Trial in College Basketball FBI Corruption Scandal Underway

    Rick Pitino, Bill Self, and Jim Larranaga among several high-profile names prosecutors told jurors to expect to hear about during trial. NEW YORK – A

    October 1, 2018

    Rick Pitino, Bill Self, and Jim Larranaga among several high-profile names prosecutors told jurors to expect to hear about during trial.

    NEW YORK – A little more than a year ago, the thought of a couple of ex-adidas employees and a low-level runner for a prominent NBA agent sitting in a courtroom overlooking the New York City skyline, worried about avoiding prison time as jurors were selected for an upcoming trial that could envelope several prominent college basketball college seemed beyond preposterous.

    Yet here they were — Jim Gatto, Merl Code and Christian Dawkins — on the 26th and top floor of the Patrick Moynihan United States Courthouse in lower Manhattan as the first to go on trial for college basketball’s bribery and corruption scandal. All three are charged with conspiracy to commit wire fraud and face significant jail time for their roles in alleged payments to the families of six student-athletes.

    Many are still baffled as to why the FBI opted to get involved, and many are miffed that it has gotten this far. For all the attention the arrests received on Feb. 26, 2017, it’s been extremely quiet.

    But that is likely to change in the coming days and weeks.

    The trio of defendants didn’t opt to work out a deal instead of taking this to trial. Dawkins had a written deal on the table, while there were conversations with Gatto and Code. All three entered a not guilty plea and will now have their futures resting in the hands of 12 jurors.

    Former NBA player and Auburn assistant Chuck Person and clothing company founder Rashan Michel will go on trial in early February, and the three college basketball assistants — Emanuel “Book” Richardson, Tony Bland and Lamont Evans — have a trial date of April 22.

    But on Monday morning it was Gatto, in his light tan suit, next to his attorneys. One row in front of him was Code, in a grey suit represented by former federal prosecutor Mark Moore and Merl F. Code, who just happens to be a former court judge and Code’s father. Dawkins, 26, walked into the room at 9:25 a.m., wearing a white button-down shirt and black-rimmed glasses — looking young enough to pass for a college student.

    There wasn’t much in terms of fireworks — at least not on the first day. This was reserved for jury selection, as 50 potential jurors were brought in during the morning session, and asked a litany of questions by Judge Lewis A. Kaplan, who has been a federal judge for the Southern District of New York for more than two decades.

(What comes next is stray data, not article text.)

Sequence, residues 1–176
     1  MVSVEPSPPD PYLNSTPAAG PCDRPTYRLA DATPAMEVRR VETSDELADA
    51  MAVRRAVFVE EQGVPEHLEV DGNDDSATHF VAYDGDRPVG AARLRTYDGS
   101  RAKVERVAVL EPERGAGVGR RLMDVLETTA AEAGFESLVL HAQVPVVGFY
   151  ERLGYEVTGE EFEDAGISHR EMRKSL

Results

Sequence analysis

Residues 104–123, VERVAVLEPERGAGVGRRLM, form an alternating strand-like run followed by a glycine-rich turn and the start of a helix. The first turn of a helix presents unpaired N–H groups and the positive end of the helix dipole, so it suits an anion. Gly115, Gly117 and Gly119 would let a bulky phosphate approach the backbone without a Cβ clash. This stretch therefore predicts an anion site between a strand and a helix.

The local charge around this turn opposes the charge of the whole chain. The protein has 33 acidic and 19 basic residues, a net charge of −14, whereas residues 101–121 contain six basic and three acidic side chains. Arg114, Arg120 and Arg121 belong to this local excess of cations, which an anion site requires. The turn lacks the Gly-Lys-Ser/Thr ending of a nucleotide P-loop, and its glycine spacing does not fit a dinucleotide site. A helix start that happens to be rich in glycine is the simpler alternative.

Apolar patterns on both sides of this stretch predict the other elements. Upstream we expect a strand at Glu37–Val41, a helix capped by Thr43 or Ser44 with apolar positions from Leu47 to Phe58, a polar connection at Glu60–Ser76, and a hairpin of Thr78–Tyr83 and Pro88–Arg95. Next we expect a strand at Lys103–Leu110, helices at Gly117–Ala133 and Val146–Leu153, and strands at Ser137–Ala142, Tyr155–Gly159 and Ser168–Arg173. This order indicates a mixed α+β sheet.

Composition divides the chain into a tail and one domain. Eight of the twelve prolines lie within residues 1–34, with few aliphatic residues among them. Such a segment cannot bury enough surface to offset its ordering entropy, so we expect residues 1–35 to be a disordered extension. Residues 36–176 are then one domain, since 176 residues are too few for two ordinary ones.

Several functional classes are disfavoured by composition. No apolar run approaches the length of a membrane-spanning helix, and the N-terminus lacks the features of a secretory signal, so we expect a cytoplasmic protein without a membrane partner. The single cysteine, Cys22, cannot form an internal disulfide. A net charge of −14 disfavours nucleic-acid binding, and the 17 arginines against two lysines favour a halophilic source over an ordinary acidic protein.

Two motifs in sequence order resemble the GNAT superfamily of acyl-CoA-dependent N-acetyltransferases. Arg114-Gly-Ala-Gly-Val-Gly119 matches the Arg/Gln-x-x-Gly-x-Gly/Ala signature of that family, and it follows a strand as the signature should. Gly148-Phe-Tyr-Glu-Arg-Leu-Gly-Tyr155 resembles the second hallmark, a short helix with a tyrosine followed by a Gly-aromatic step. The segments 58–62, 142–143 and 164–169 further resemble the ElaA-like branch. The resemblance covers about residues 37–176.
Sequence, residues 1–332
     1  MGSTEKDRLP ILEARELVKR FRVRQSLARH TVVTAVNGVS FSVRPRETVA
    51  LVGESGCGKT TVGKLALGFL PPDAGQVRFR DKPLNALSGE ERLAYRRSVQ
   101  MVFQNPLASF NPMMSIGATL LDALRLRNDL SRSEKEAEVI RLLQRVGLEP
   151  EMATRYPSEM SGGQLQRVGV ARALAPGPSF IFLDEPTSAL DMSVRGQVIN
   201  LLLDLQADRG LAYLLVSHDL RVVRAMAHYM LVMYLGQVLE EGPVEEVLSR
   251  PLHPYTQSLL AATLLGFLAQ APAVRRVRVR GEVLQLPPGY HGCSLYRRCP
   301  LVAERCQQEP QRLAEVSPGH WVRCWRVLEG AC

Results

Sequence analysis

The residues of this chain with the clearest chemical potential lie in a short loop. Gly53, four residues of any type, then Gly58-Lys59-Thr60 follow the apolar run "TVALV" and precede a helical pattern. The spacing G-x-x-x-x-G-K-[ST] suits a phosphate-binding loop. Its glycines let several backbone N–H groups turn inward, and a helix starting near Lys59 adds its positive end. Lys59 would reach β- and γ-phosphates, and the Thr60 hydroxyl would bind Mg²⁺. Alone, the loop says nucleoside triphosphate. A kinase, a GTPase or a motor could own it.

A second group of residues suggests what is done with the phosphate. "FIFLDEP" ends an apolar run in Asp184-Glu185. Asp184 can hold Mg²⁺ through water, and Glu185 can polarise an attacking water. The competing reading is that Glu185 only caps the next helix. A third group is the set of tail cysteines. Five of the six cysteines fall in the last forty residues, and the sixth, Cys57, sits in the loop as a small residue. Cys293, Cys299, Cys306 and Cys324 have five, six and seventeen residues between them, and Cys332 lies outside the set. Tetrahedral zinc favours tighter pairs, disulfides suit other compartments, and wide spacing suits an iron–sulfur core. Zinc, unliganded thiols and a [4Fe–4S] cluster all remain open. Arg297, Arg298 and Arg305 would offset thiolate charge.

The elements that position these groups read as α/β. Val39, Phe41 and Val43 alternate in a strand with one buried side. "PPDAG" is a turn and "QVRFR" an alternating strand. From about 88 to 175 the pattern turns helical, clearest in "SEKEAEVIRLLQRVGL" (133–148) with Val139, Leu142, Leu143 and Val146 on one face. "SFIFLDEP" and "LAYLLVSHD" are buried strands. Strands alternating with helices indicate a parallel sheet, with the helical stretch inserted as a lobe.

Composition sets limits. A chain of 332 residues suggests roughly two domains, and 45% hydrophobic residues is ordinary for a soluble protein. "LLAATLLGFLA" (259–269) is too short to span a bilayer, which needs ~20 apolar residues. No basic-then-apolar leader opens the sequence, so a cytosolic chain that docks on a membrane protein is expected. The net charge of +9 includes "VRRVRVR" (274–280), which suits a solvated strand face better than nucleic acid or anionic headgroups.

Kaplan said he was hopeful that the trial wouldn’t last a month, despite the time frame the attorneys had anticipated.

    “Usually, it takes less time than the lawyers think,” Kaplan half-joked.

    As Kaplan peppered the potential jurors with questions to ultimately trim the group to a dozen plus six alternates, Dawkins often turned around to make eye contact while Gatto and Code were primarily focused on looking directly ahead at Kaplan.

    Of the jurors brought forward in the first group, it was surprising that just a pair stood up when Kaplan asked whether any had read or seen anything about the case.

    The most interesting aspect of the day came when a 30-something assistant U.S. Attorney Edward Diskant, the lead prosecutor in the case, was asked by Kaplan to read off the names of all potential witnesses in the case to make certain jurors didn’t have any relationship or any information in which they felt would disqualify them from being objective and serving as a juror.

    The list included Brian Bowen Sr., Brad Augustine — who was one of the 10 men arrested on Oct. 26, 2017 — and current Louisville Athletic Director Vince Tyra.

    Then Diskant rattled off more than 100 names of those whose names could potentially come up within the trial. Hall of Fame coaches Rick Pitino and Bill Self were mentioned, so were Jim Larranaga, Will Wade, Mark Gottfried, former players Markelle Fultz, Deandre Ayton, Dennis Smith Jr., Billy Preston and even current college freshmen Zion Williamson and Romeo Langford. Then came the list of schools/entities that could come up and it included shoe companies adidas, Nike and Under Armour as well as Louisville, Kansas, N.C. State, Miami, Arizona, Oklahoma State, USC, Texas, Creighton, Oregon, LSU and DePaul.

    No one knows exactly what to expect as the trial is set to begin in earnest on Tuesday, especially after looking at the stacked nine white boxes labeled “government trial exhibits” that sat in the corner of the back of the courtroom.

    Gatto, Code and Dawkins are worried about staying out of jail — and there are plenty of college coaches throughout the country concerned about their fates as well.


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